Mudsock Heights

Mudsock Heights

This is an official White House photo of Grand Sumo, from May 2019, when Japanese Prime Minister Abne Shinzo (since assassinated) invited Donald Trump to attend suring a state visit.

Fat Men Fighting

By Dennis E. Powell | Posted at 11:04 PM

A friend was preparing for a visit to Japan. He would be spending a few days in Osaka and wondered about things to do in Japan’s second-biggest city.

I said that I’d seen that the Grand Sumo championship would be underway there during his trip. It might provide an interesting cultural experience.

Having recommended it, I felt slightly obligated to watch — endure was the word I had in mind — the bouts myself. The Japanese national public broadcaster, NHK, carries some of them in full and has a daily summary broadcast a half hour in length. I’ve accidentally caught a few of these — there are six championships, called basho, each year — and, frankly, semi-naked men who are deliberately fat trying to push each other out of a ring was mildly disgusting to me. Japan, though, eats it up. It’s their national sport.

Having resolved to watch at least some of it, I decided to learn a little about this activity that fascinates a likable, civilized country. The more I found out, the more interesting it became. To my good fortune, I’d happened upon the most exciting tournament in a very long time.

A “sumo wrestler,” as we in the West call him, is a rikishi. He trains at a heya, or stable, where he also lives. He, for obvious reasons, is likely to die young: While the rikishi is not usually especially tall, he is fat. Sometimes his muscles are noticeable, but he is always fat and shows no evidence at all of having abdominal muscles. He trains extensively.

His hair is cut and arranged in a chonmage, a style once popular throughout Japan but banned during the country’s first period of Westernization, 160 years ago. Sumo was granted an exception. It now manifests as a kind of ponytail that’s folded up over the head. (No, it is not pulled by one’s opponent; in the recent basho one rikishi who had won was ruled to have lost because he touched his opponent’s chonmage.)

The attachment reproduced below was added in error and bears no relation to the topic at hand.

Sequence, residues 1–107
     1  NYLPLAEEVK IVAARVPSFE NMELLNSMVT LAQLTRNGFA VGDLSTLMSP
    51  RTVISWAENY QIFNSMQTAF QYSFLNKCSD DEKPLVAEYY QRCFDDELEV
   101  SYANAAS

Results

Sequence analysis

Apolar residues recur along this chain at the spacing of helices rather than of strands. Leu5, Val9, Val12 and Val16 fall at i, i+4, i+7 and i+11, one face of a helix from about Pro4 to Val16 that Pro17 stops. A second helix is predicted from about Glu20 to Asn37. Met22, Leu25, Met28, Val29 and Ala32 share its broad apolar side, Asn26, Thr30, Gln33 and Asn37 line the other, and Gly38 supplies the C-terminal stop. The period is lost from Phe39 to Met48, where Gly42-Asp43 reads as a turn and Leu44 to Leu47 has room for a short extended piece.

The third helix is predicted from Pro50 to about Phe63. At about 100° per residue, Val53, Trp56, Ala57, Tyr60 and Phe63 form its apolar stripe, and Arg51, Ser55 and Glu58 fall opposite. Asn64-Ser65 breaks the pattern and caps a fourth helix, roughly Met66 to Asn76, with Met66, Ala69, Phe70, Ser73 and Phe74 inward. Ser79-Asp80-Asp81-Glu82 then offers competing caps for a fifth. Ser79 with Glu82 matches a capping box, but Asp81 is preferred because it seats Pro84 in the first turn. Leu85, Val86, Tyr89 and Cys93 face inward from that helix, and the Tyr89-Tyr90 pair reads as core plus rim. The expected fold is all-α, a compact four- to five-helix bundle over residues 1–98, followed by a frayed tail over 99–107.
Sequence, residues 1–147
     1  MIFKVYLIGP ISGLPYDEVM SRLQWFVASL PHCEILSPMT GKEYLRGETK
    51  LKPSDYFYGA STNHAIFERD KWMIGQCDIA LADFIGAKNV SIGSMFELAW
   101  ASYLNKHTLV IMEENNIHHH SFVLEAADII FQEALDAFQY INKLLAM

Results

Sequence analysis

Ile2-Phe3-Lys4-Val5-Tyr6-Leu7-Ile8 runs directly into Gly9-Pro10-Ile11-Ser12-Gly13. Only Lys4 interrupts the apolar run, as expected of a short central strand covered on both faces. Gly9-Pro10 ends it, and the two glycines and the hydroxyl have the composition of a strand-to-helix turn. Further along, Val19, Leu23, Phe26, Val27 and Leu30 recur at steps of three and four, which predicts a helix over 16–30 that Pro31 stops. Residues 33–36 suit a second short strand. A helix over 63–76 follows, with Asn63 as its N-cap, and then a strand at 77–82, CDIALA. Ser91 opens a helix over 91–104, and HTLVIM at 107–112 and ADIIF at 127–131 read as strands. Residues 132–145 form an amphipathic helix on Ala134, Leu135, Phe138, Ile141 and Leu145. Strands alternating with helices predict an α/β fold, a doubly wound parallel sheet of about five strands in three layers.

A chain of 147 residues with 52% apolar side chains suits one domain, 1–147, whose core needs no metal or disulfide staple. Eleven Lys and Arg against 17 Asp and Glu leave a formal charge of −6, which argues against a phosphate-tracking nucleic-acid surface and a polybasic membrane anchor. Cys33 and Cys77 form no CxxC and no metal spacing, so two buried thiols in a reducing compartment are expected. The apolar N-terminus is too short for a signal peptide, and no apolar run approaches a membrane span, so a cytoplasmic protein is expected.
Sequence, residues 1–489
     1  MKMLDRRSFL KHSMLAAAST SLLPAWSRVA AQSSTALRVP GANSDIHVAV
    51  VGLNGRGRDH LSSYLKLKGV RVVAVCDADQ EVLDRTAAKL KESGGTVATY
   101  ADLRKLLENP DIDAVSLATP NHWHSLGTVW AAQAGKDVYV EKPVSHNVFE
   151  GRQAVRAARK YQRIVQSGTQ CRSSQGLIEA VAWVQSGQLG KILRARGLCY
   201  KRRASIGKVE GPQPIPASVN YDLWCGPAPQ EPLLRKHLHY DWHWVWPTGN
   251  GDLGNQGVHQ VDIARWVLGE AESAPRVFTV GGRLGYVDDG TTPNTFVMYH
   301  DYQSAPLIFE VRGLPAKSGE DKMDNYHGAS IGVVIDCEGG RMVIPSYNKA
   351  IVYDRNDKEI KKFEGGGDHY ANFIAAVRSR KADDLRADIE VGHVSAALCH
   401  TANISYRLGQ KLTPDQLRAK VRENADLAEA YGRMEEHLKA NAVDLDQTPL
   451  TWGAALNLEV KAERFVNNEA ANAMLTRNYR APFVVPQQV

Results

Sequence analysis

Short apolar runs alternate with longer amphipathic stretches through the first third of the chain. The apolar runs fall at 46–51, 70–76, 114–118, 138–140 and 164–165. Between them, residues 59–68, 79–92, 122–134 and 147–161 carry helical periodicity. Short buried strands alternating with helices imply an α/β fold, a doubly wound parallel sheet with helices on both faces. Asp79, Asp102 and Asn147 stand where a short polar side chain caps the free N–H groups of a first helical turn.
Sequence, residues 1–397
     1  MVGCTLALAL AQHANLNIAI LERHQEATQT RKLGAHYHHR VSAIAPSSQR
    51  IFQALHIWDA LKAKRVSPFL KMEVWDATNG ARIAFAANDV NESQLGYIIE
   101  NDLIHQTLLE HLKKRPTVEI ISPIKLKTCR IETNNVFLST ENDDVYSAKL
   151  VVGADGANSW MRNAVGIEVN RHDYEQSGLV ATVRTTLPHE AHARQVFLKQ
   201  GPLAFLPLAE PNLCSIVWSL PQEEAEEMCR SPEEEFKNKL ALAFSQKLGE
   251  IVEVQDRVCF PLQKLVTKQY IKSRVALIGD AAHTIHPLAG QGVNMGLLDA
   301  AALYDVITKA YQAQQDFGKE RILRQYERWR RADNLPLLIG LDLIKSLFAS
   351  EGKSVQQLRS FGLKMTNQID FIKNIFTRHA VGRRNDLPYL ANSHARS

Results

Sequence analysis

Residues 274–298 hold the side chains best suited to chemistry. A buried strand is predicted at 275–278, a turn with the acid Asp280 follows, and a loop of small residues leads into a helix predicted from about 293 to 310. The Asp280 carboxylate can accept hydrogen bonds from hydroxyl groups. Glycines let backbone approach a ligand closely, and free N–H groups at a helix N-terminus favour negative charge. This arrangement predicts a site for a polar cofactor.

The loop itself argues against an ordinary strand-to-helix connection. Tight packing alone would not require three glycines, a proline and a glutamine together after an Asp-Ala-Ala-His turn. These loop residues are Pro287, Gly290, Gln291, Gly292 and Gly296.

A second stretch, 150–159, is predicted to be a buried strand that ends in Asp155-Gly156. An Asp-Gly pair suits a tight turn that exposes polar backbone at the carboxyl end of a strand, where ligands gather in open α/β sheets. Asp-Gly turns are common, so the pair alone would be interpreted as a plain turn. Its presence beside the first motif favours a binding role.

The dohyō, where the action takes place, is about 15 feet in diameter. It is bordered by brick-like bales of rice straw, the tawara, and the floor is compacted clay.

The goal is for the rikishi to push, shove, or throw his opponent out of the ring or to get him to touch the ground with anything other than the bottoms of his feet.

The proceedings are overseen by a referee, called a gyoji. He carries a knife, not to dispose of losers or rikishi who have gone berserk but because he has taken an oath to commit seppuku, or ritual suicide, if he ever mis-calls a bout. (Apparently this is not strictly enforced; during the recent basho there was at least one time when the gyoji’s ruling was overturned by the judges, one of whom sits on each side of the doyho, but he did not kill himself and best I can tell remains alive today.)